“Who’s a good nugget? You are, you’re a good nugget.” Millicent whispers to the creature in a baby voice. She looks back up at me, and Toby rushes up behind her, no longer holding the photo of youthful Millicent. “This is Cheerio.”
     Of course she can’t just be a normal old lady--I suppose that was already out of the question--and own twelve cats. Instead she owns a feral animal named Cheerio.
     “Is that, ah, safe?” I ask.
     Millicent laughs. “Of course. Little Cheerio’s been with me for two years. He’s just little because he was the runt of the litter.” Millicent then sets Cheerio on the ground, and he waddles off into the living room; his hind end swings back and forth like a streetwalker as he disappears amongst the cardboard boxes.
     Millicent swings open the pale pink, fifties-style fridge, complete with well-endowed bikini girl and yellow smiley face magnets. “While we’re in the kitchen, would either of you like a drink?”
     Toby and I exchange a glance, and I’m about to tell her that we’re not exactly of age--hence our mother giving us a ride here--when she pulls out a pitcher of a somewhat toxic but fruity-looking liquid.
     “It’s my famous punch.” She snaps her fingers in the air. “It’ll snap you right into style.” She smiles, the blue on her eyelids batting up and down as she blinks.
     "Yeah, sure,” Toby answers first. “We’d love some.”
     It takes Millicent approximately five minutes to gather three matching cups and exactly four ice cubes for each one, and by that time, Toby and I are sitting cross-legged on the plush brown carpet, each digging into a cardboard box. Millicent passes us each a cup, and the condensation is cold on my hand. I take a sip of the punch, and it’s sour and sweet--the kind of stuff that will dye your tongue red for a whole day.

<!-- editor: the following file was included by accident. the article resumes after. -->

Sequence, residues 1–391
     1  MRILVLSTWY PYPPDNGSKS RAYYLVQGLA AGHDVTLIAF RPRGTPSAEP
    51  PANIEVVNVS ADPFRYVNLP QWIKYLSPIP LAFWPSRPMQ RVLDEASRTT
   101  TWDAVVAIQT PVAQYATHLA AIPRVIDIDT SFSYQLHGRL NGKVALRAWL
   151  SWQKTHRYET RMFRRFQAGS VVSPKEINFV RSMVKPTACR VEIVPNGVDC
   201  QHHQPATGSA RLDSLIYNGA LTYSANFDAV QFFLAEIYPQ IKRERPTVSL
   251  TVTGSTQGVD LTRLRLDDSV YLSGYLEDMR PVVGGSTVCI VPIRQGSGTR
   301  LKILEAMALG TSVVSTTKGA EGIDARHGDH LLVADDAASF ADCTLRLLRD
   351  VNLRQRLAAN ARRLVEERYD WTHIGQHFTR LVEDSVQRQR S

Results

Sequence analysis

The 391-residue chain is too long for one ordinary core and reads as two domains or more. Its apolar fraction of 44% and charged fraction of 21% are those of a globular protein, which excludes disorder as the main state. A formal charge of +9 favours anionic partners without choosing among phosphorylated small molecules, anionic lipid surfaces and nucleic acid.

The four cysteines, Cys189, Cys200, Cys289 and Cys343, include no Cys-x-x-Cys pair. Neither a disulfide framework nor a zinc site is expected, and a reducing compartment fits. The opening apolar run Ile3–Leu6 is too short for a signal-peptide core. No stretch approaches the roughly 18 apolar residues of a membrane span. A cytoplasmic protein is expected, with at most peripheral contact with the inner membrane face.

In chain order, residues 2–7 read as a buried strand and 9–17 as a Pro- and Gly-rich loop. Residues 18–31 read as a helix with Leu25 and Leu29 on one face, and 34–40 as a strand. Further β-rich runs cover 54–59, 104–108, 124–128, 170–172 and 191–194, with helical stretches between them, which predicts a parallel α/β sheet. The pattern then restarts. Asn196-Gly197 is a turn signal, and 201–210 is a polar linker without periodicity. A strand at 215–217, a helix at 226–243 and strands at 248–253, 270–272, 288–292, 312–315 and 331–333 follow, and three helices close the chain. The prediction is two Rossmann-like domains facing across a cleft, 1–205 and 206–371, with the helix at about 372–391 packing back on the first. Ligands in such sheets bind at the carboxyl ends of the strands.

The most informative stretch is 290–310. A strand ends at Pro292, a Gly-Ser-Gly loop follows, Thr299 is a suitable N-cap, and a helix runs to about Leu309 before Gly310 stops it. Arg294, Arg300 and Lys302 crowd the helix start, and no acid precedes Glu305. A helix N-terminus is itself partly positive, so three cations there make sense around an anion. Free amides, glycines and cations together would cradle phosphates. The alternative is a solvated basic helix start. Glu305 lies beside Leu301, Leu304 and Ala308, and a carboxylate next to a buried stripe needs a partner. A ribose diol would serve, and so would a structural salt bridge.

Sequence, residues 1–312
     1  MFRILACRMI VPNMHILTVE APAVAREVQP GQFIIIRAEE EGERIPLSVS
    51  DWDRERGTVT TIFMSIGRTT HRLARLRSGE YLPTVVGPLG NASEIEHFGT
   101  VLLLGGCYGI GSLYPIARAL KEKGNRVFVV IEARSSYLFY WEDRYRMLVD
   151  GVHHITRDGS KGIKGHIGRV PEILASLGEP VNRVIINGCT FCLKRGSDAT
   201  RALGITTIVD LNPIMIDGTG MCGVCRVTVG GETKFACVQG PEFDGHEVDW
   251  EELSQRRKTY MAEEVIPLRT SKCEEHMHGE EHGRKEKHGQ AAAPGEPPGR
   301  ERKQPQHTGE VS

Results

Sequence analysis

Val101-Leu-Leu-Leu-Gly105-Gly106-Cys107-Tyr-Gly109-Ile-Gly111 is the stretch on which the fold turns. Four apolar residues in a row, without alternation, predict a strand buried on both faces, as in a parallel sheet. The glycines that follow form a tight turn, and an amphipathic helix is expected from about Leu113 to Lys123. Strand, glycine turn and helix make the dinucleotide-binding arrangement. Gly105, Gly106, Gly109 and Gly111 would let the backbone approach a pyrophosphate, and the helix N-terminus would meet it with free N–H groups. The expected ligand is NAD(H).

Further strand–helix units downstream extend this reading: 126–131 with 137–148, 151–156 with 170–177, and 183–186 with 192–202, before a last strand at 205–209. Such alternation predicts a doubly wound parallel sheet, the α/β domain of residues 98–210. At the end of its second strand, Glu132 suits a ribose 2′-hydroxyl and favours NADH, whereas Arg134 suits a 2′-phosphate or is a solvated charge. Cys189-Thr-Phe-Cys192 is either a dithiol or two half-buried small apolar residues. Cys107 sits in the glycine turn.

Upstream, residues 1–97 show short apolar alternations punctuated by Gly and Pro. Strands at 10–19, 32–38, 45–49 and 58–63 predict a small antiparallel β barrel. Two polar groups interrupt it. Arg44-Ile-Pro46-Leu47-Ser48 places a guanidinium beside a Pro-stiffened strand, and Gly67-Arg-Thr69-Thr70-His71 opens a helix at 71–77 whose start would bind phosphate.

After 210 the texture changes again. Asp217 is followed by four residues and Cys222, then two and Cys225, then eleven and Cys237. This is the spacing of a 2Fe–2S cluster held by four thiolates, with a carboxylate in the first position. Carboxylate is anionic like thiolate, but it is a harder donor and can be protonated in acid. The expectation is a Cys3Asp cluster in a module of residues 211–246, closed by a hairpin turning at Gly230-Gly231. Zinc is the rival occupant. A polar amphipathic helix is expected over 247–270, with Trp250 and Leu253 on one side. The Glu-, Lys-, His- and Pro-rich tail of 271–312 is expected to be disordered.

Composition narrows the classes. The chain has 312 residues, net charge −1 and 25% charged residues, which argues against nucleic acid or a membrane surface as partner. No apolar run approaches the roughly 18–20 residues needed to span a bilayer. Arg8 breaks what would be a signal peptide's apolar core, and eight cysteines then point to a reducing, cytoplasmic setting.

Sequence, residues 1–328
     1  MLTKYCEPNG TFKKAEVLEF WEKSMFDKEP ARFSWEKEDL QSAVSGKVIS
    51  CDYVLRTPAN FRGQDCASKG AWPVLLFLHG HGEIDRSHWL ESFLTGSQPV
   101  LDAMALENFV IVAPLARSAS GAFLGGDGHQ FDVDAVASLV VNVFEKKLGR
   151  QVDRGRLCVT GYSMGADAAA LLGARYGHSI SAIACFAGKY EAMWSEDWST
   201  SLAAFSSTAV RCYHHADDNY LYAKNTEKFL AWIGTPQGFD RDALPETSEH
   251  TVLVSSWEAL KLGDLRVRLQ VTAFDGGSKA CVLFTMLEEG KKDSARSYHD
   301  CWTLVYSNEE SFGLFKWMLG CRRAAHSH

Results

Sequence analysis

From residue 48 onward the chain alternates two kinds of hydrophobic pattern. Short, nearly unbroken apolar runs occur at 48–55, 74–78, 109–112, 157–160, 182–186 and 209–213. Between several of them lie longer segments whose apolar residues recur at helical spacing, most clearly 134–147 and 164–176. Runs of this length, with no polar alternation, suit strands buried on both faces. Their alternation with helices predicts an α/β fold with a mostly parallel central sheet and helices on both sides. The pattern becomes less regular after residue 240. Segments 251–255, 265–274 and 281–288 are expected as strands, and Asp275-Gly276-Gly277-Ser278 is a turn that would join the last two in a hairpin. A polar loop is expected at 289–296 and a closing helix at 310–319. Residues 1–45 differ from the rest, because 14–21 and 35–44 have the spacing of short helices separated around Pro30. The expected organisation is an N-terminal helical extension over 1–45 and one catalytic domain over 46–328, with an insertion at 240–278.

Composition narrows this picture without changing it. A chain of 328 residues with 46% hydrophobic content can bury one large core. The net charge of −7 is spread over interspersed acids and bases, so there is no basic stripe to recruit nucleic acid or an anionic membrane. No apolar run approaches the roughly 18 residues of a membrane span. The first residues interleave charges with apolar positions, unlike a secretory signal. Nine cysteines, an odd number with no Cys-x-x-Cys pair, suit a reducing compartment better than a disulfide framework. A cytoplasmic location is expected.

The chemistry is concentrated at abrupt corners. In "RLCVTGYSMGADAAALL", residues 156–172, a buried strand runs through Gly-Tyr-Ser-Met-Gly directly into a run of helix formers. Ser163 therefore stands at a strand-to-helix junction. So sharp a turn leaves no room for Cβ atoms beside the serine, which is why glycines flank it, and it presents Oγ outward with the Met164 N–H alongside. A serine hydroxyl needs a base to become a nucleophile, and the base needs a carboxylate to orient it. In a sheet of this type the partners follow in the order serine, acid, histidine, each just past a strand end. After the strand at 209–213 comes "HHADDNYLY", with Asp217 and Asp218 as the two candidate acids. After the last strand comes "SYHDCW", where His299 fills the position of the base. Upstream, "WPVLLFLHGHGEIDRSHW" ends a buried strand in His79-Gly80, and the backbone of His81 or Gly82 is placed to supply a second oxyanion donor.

I pull out a fish tank from a slightly soggy box, and immediately plug my nose when the bowl is in the air. It’s empty, but at the bottom of the tank, amongst algae-covered red pebbles, is the corpse of a sad, sad goldfish.
     “Oh my gosh,” I say.
     Toby bursts into laughter. “Marley. Your hands are all up in that fish goop.” And he’s totally right. I’m holding the tank by the top of it, and my fingers are pressed up against greenish-brown slime. Gross. Gross. Grosssss.
     Millicent sets down her glass and scurries over. “Oh, that’s got a great story. I’m keeping that one.” I discreetly wipe my fingers off on the carpet and stare up at Millicent, expectant of an explanation. “It was my husband’s favorite fish.” She smiles, reminiscent of the stinky creature--whether her husband or the fish, I’m not sure. “Cheerio got the best of his tank, but Martin said that if I got to keep my Cheerio, he got to keep his fish. I didn’t break my promise then, and I won’t break it now.”
     I’m not looking forward to seeing what’s in the box by the underwear.



<![CDATA[We Keep On - Chapter iii]]>Fri, 11 Sep 2015 21:04:39 GMThttp://www.plotbrownies.com/blog/we-keep-on-chapter-iiiHappy Friday! If you're tuning in to today's post, it's probably because you read Tuesday's first two chapters and wanted to read more. If not, welcome to Plot Brownies, where the stories are short and sweet and are written by Elysia Regina and Matt Keenan.

Read the first installment of We Keep On HERE.

Today's post includes the next chapter (written by Matt Keenan) in We Keep On, a contemporary comedy. Let us know what you think in the comments, and share the story so your cool friends can read it, too! The next chapter will be posted on Tuesday.


     I think it’s safe to say that most people don’t hang their wet undergarments to dry in the East side windows of the house.